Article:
As illustrated in FIGS. 2 and 3, control element 50 is in the form of a rectangular plate having arms 52 and 54 extending from one end thereof and resting respectively on container side walls 20 and 22. The other end of element 50 is in the form of triangular section 56, the apex of which rests on the open upper end 28 of air tube 26. It has been found that the arrangement of element 50 in this manner, with the pointed end positioned above the upper end of air tube 26, enables the formation of the bubble streams in that tube under widely varying operating conditions, such as at reduced water flow rates, thereby increasing the flexibility of use of the filter. Moreover, as arms 52 and 54 can be slid longitudinally along the trough walls, the position of the apex of the control element at the air tube open end can be varied to achieve optimum formation of the bubble stream.
In a typical application of the aquarium filter of the invention, the tank was 12 inches in depth, and the container was 2 inches wide, 21/2 inches deep, and 101/2 inches long. The air tube 26 had an outer diameter of 5/16 inches and an inner diameter of 1/4 inch and was 11 inches long. The air tube extended upwards about one inch into the container and was located at one end of the container and may actually touch the end wall. It is to be understood that these dimensions are only typical of an operative filter system and are not intended to limit the scope of the invention.
The filter of the invention has been found to achieve complete and thorough cleaning of the tank bottom, by the use of a relatively low capacity (e.g., 10 gallons per hour) and inexpensive pump, in contrast to the high capacity (60 to 150 gallons per hour) pumps required for use in the conventional aquarium filters. By transferring and filtering water from the bottom stratum, i.e., substantially only near the tank bottom and returning the filtered water to such stratum, i.e., to the tank bottom, bottom water currents are established that further facilitate the cleaning of the tank water. This stratum-cleaning effect is obtained even for flow rates which do not involve air-drop entrainment in the descent tube 26.
The intermittent bubble streams that may be formed in the filter of the invention, besides adding to the enjoyment of the aquarium by enhancing the appearance of the tank and providing an additional visual effect, also enhance the aeration and degassing of the tank water and increase the sweeping and cleansing action at the tank bottom.
Further improvements may be made in the invention to achieve other visual and filtering effects. For example, tube 26 may be in the form of a helix such that the air bubbles drop into the tank as if they were descending a spiral staircase. In addition, the bottom of the drop tube may be bent so as to direct the filtered water (with or without entrained air bubbles) across the gravel at the tank bottom in a desired manner or direction. A telescoping extension tube may also be added to the air lift and drop tubes to allow the filtering tubes to be employed for tanks having different depths.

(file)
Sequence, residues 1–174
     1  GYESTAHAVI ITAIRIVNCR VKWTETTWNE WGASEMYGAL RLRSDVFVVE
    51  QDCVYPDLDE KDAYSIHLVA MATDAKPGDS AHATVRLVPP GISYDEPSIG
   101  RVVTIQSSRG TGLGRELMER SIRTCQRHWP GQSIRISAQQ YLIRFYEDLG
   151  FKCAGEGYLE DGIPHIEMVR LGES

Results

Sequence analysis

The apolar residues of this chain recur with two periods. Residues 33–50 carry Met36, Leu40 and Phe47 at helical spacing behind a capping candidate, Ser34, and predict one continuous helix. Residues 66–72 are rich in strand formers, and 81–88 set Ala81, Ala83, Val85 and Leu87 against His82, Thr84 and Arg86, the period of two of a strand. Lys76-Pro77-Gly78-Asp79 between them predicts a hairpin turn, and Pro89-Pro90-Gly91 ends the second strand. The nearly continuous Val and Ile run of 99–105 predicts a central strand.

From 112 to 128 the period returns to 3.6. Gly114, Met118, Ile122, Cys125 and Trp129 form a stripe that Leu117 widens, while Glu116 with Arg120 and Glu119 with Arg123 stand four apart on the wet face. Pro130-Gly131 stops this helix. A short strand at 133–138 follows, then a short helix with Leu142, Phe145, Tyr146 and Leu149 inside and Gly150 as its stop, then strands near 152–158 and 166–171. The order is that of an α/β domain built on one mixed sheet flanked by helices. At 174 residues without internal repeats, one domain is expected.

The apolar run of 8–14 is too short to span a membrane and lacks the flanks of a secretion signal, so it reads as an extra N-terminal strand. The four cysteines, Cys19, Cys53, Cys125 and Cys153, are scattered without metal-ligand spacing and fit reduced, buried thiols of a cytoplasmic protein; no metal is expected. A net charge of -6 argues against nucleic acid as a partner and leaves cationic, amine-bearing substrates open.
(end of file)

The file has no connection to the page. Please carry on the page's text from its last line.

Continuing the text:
FIG. 4 illustrates the modification wherein the descent tube 26' includes an elbow or 90° bend at its lower end 30', the same being directed to discharge generally horizontally and in the general longitudinal direction of the ascent-tube axis 32'. Preferably, the descent-tube diameter is slightly less than that of the ascent tube 32', and the horizontal distance L1 from discharge at 30' to pick up at the bottom end of tube 32' is at least one third of the longitudinal extent L of the tank; also, preferably, the discharge at 30' is at an elevation above soiled-water induction at the lower end of tube 32', as for example at 1 to 1.5 inches from the bottom, and less than 0.5 inch from the bottom, respectively.
If the intermittent formation of the air bubbles in tube 26 is desired, the filter container 14 should be mounted above the aquarium tank, although it may, if the formation of the bubble stream is not desired, be mounted in the manner of a conventional outside filter in which the filter is hung to the side of the tank and the water level in the filter is at about the same level as in the tank. In addition, to facilitate the removal of a clogged filter from the container, the filter material screen and transverse wall may be, as herein shown, combined in a single replaceable unit which can be readily removed from the filter container and replaced with a new, clean unit, whenever the filter material in that unit becomes clogged. This condition is indicated to the aquarium owner by the water flowing over the unit end wall into the adjacent section of the container.
Thus while the aquarium filter of the invention has been herein described with respect to several embodiments, it will be apparent that modifications may be made therein, all without departing from the spirit and scope of the invention.
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|U.S. Classification||119/261, 210/513, 210/167.26|